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Wednesday, February 5, 2014

Stirring the pot: my cannabis chronicles

The death of Philip Seymour Hoffman signals reasons why drugs and alcohol are such a treacherous threat to our culture.  They take from us the supremely talented.  James Lipton, who noted Hoffman's genius and contributions on Morning Joe, angrily condemned drugs.

Hoffman's death occurs at a time when our attitudes and policies toward drugs are changing.  Our attitudes toward alcohol,  not so much.  I have worked with and known people of great talent and potential who were destroyed by their addictions.  Some of our greatest artists have struggled with addictions and lost.  As a culture, we have never fully explored the motives.  We have regarded addictions as extreme self-indulgence--which some cases may be--but we have not confronted what it is that makes highly intelligent and talented people systematically destroy themselves through addictions that take possession of their lives. 

My first experience with pot was as a member of a garage band.  We had a tenor sax player at one point who was clearly the star of the  band.  He was a kid from a Mexican shanty town by the tracks where many of the houses had dirt floors.  His high school (there were four public and three private high schools in the area) band teacher let him borrow records that he listened to over and over and then tried to play what he heard.  He particularly liked Ben Webster, and he was learning the art of the tenor sax very well.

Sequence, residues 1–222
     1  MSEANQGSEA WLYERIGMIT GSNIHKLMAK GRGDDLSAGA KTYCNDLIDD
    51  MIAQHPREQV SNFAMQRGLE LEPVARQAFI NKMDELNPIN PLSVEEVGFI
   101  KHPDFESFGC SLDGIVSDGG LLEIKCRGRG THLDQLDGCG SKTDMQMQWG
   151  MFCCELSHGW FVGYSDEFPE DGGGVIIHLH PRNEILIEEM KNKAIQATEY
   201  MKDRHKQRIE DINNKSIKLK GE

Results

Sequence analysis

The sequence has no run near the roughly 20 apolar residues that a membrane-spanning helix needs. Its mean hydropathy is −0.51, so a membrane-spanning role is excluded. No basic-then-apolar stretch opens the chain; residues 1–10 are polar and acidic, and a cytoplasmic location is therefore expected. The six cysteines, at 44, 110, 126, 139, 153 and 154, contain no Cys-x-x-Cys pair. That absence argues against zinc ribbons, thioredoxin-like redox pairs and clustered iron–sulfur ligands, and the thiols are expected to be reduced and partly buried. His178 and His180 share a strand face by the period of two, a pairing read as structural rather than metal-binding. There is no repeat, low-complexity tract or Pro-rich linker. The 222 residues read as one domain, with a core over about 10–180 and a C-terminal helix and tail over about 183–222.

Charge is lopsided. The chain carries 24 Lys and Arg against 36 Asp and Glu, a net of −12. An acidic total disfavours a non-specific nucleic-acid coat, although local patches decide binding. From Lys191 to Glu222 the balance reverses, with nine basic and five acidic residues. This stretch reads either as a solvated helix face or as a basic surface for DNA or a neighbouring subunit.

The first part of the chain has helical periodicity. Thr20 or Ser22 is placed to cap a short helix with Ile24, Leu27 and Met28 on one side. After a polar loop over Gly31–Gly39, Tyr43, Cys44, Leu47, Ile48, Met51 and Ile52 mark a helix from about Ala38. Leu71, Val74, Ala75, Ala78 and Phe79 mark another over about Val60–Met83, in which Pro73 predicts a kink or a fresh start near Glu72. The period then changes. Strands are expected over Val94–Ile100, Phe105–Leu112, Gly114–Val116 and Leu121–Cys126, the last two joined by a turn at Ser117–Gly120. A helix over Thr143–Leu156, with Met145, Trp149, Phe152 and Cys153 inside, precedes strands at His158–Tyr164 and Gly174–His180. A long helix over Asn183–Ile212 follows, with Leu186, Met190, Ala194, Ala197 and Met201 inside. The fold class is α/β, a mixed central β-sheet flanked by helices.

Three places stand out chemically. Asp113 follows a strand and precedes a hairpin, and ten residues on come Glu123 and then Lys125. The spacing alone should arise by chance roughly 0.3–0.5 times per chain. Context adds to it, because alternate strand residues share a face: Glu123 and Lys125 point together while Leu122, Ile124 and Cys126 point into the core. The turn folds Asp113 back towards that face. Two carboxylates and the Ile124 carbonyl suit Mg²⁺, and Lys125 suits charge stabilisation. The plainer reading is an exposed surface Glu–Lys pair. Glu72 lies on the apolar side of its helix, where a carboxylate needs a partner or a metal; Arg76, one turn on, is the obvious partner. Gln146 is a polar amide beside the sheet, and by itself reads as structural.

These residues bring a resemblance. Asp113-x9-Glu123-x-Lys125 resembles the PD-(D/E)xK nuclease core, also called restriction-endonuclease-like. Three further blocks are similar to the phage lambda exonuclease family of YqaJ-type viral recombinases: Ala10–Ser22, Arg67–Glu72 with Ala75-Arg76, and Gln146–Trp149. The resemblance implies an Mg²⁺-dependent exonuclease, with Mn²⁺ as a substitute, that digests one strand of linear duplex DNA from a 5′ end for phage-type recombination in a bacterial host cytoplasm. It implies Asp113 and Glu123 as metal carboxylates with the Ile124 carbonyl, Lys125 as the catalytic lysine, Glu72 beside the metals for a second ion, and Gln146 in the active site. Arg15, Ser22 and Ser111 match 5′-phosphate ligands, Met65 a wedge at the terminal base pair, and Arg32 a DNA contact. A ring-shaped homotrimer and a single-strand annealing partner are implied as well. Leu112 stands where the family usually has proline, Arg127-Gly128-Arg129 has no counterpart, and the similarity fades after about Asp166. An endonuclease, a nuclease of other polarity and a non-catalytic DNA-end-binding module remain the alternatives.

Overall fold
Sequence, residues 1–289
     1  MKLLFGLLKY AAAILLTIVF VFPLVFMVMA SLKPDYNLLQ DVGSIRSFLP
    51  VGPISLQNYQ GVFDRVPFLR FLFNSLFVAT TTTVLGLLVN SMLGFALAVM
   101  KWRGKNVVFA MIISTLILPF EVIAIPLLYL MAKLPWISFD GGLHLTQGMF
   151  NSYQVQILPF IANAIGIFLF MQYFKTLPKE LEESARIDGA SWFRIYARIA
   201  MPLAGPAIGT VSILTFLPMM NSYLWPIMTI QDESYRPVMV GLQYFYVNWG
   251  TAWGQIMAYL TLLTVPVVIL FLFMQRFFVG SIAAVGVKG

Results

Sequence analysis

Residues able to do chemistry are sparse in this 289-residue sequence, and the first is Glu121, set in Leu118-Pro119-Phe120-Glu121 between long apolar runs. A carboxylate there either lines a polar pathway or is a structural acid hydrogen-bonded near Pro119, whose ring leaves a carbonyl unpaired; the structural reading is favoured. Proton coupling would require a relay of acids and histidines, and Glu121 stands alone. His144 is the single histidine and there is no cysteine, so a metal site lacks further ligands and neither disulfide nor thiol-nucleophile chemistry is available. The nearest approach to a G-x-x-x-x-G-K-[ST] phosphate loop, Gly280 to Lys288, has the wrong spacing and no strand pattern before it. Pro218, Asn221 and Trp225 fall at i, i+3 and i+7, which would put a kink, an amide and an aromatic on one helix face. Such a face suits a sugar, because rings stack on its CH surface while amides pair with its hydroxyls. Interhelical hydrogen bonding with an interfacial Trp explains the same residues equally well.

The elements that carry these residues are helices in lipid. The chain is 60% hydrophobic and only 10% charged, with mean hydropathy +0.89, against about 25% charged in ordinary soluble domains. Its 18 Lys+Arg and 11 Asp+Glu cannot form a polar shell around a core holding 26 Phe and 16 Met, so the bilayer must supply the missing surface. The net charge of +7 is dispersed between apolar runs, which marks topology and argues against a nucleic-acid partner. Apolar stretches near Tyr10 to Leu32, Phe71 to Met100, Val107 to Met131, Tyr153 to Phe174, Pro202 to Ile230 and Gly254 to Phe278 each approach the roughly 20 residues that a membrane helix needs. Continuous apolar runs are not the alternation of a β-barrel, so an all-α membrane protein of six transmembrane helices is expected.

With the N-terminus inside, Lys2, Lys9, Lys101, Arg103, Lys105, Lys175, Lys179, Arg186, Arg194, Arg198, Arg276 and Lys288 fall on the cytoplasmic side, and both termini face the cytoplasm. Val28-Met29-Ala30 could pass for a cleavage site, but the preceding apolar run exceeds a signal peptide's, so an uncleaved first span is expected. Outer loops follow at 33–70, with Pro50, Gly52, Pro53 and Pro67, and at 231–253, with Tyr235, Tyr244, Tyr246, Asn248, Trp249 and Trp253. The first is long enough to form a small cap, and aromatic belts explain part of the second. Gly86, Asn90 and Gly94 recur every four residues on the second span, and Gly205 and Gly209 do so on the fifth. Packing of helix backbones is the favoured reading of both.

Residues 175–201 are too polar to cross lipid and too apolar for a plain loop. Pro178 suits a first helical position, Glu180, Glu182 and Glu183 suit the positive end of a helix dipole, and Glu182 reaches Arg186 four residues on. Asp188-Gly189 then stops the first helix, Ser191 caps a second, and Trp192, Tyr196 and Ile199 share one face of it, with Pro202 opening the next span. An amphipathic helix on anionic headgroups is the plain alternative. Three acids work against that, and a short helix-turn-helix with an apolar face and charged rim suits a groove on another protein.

Living where he did, there was this lovely weed growing along the tracks and in the ditches.  I've since been told that the plant grew from seeds of industrial hemp that dropped out of rail cars and was not a smoking grade of cannabis, but Manny and his neighborhood friends didn't know that.  So, they blew it.  A lot.

Most of the time when Manny played in the band, we did not know whether he'd had a toque or two, but some nights we did.  Life for blacks, Latinos, and anyone else who lived in poverty or on the edge of it was a constant struggle.  On some nights, Manny needed to mellow out to get in the right frame of mind to make music.  On those nights, he blew what looked like cigars.  That didn't bother us.  But on occasion, Manny would get mellow to the point of being off rhythm and tone deaf.  We used to stop the band, hustle Manny off the stand, and tell the audience that something went wrong with his instrument.  It wasn't our band that Manny was playing with on those occasions.  He was in a different world.  

One night when it happened, we had an old wire recorder along and taped Manny's performance.  A few days later during a rehearsal, we played it for Manny.  He said, "Holy Christ,  don't ever let me do that in front of people."  We didn't.